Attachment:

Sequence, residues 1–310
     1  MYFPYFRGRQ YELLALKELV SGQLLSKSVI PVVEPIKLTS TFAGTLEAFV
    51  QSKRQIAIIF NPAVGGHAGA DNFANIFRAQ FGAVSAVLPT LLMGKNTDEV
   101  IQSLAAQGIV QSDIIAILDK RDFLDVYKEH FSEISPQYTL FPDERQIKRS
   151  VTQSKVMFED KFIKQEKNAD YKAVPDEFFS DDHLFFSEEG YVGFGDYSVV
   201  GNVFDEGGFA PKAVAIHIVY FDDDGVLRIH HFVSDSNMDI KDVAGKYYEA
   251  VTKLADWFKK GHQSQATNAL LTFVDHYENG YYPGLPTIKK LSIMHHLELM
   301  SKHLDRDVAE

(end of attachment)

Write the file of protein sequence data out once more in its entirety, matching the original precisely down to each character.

Sequence, residues 1–310
     1  MYFPYFRGRQ YELLALKELV SGQLLSKSVI PVVEPIKLTS TFAGTLEAFV
    51  QSKRQIAIIF NPAVGGHAGA DNFANIFRAQ FGAVSAVLPT LLMGKNTDEV
   101  IQSLAAQGIV QSDIIAILDK RDFLDVYKEH FSEISPQYTL FPDERQIKRS
   151  VTQSKVMFED KFIKQEKNAD YKAVPDEFFS DDHLFFSEEG YVGFGDYSVV
   201  GNVFDEGGFA PKAVAIHIVY FDDDGVLRIH HFVSDSNMDI KDVAGKYYEA
   251  VTKLADWFKK GHQSQATNAL LTFVDHYENG YYPGLPTIKK LSIMHHLELM
   301  SKHLDRDVAE